Ask the care expert ... about often missed areas
Sherrie Dornberger, RNC, CDONA, FACDONA, executive director, NADONA
Q: When looking at the care of the older adult, what is one area you think we most often miss?
Foot care, because the lack of it may contribute to increasing falls.
I am not talking about cutting of the toenails. I am talking just simply looking at the feet to see if there is dry skin, open areas or blisters. We should teach staff to check the nails to see if any are thickened, broken with sharp edges or have red areas around them (perhaps becoming ingrown).
We should go over selecting footwear, socks or whatever the resident prefers to wear — and to be sure that the socks or stockings are cleaned daily.
The nurse aide providing consistent care for the residents knows them best. They know if the resident's legs swell in the afternoon, if the resident does lots of walking or depends on a wheelchair for mobility, or perhaps walks before lunch and uses a wheelchair after lunch.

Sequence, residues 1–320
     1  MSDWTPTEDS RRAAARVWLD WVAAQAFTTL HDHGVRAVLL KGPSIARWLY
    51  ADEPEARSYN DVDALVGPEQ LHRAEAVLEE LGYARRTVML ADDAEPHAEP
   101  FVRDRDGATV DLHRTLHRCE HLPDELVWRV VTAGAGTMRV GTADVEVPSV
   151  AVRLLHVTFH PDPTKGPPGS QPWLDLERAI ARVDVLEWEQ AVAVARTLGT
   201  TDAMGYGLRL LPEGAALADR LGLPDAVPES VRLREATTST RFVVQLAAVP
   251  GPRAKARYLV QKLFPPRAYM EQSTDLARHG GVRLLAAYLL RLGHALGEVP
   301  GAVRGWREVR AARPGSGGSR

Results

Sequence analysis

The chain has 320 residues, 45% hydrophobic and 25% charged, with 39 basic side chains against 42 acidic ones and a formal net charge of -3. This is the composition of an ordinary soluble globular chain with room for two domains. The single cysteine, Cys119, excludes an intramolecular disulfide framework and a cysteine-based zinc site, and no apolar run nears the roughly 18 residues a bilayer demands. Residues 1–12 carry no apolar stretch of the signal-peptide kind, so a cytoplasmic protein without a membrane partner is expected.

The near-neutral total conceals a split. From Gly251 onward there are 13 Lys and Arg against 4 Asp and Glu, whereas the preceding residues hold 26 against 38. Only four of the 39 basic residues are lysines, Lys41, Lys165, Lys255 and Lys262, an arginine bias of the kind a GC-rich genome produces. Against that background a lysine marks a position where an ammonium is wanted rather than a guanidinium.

Not only do residents' socks or stockings need a daily assessment, but so do their shoes, sneakers, running shoes or slippers. The footwear needs to be looked examined to assess if the insides are worn or have rough areas that could irritate on the foot.
Moisturizing lotion also can assist with keeping the skin intact as dry rough skin tends to break open much easier than soft, pliable skin that has the proper amount of natural or added moisture.
Some residents may need to have their shoes changed in the afternoon, as their feet tend to swell — especially if they walk, let their feet dangle, or stand for long periods of time. Also, if the feet sweat, changing to a dry pair of footwear after lunch will help.
Teaching staff to check residents' feet and apply lotion if needed can make a huge difference.